follow-up, and management of complications after drainage such as severe bleeding or respiratory distress secondary to aspiration of abscess contents into the patient’s
airway. In the past, quinsy tonsillectomy (tonsillectomy in
the presence of a PTA) was used as a drainage treatment;
however, this has largely been abandoned as a first-line
A retropharyngeal abscess is a suppurative deep neck infection that occurs in the potential space extending from the
base of the skull to the posterior mediastinum between the
posterior pharyngeal wall and prevertebral fascia. The retropharyngeal space houses a chain of lymph nodes that drains
the nasopharynx, adenoids, eustachian tubes, middle ears,
and posterior paranasal sinuses. The pathogenesis of retropharyngeal abscess is thought to frequently follow an upper
respiratory tract infection with resulting suppuration of
the retropharyngeal lymph nodes and abscess formation.
The abscess may also form secondary to trauma from an
ingested foreign body or instrumentation in the posterior
oropharynx. According to one US study, the incidence of
retropharyngeal abscess has increased from 2.98 to 4.10
per 100,000 children younger than 20 years from 2003 to
2012. (9) Incidence is highest among children younger
than 5 years and in boys. (9) The microbiology of retropharyngeal abscesses is often polymicrobial. Streptococcal,
staphylococcal species, and respiratory anaerobes are the
most common organisms isolated.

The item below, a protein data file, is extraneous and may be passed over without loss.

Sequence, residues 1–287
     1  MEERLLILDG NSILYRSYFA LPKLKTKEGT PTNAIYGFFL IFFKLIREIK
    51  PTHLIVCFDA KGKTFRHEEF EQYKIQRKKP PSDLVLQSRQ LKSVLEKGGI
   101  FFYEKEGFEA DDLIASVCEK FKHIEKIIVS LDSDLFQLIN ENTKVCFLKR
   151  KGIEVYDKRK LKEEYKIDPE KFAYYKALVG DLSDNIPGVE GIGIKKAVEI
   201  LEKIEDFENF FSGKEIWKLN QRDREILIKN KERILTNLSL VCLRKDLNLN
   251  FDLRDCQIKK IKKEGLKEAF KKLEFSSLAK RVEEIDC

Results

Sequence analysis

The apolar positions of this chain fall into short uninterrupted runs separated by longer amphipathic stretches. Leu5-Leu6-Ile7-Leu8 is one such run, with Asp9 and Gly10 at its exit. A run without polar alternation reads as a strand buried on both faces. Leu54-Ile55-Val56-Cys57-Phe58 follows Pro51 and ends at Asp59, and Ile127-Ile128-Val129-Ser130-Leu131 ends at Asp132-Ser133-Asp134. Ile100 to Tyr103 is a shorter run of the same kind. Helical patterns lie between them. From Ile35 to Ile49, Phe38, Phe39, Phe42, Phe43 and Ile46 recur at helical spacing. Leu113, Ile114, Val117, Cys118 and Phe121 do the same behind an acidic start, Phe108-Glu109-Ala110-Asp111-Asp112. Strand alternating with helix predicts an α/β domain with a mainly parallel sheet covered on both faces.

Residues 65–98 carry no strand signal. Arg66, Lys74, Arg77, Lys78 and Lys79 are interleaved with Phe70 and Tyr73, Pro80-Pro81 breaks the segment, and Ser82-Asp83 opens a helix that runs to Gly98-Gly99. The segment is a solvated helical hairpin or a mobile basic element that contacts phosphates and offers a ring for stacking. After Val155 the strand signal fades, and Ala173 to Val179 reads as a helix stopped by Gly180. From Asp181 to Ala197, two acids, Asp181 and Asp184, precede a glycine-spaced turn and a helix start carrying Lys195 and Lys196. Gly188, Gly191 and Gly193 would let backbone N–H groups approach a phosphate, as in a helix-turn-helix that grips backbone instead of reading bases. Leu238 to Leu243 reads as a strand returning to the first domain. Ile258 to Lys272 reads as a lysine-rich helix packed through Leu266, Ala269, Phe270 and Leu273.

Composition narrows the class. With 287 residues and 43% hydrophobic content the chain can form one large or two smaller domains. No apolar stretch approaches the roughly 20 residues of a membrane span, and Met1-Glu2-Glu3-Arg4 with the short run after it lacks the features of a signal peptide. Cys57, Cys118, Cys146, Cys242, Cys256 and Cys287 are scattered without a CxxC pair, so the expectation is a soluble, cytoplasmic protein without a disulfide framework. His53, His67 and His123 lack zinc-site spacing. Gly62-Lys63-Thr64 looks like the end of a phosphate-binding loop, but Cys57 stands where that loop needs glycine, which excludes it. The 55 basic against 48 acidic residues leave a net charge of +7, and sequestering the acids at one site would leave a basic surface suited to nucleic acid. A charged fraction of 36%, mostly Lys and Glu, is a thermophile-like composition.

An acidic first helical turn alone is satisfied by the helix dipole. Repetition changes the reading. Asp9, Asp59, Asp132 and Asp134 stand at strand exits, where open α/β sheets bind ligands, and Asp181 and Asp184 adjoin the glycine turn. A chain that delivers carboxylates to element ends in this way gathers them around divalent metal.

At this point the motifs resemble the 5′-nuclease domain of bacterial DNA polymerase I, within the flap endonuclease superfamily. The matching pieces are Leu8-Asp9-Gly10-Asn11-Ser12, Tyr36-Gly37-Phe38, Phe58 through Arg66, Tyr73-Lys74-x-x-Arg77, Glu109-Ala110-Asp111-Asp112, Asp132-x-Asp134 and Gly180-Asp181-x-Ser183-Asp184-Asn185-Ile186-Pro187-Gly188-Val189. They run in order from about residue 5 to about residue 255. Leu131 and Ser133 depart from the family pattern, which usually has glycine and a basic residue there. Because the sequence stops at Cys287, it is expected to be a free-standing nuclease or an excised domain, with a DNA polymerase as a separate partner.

Clinical Presentation
Presentation of retropharyngeal abscess is variable and no
particular constellation of symptoms and signs is diagnostic. Patients commonly present with complaints of fever,
neck pain, and dysphagia. Other symptoms include sore
throat, odynophagia, decreased oral intake, drooling,
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dyspnea, and even chest pain if there is mediastinal extension.
Common physical examination signs include cervical lymphadenopathy, limited neck movement or meningismus, torticollis, and the presence of a palpable neck mass. Tonsillar
displacement, dysphonia, trismus, and stridor may also be
appreciated. Patients may appear ill and anxious, and exhibit
posturing. Care must be taken when examining these children
because the stress of the oropharynx examination can result in
partial or complete airway obstruction. There is also a risk of
abscess rupture. For ill-appearing patients with signs of partial
upper airway obstruction such as stridor or stertor, performing
the oropharynx examination in the operating room where an
emergent surgical airway can be established, if necessary, is
recommended. Untreated retropharyngeal abscess can lead to
serious infectious and obstructive complications similar to
those described for PTA. Additional complications include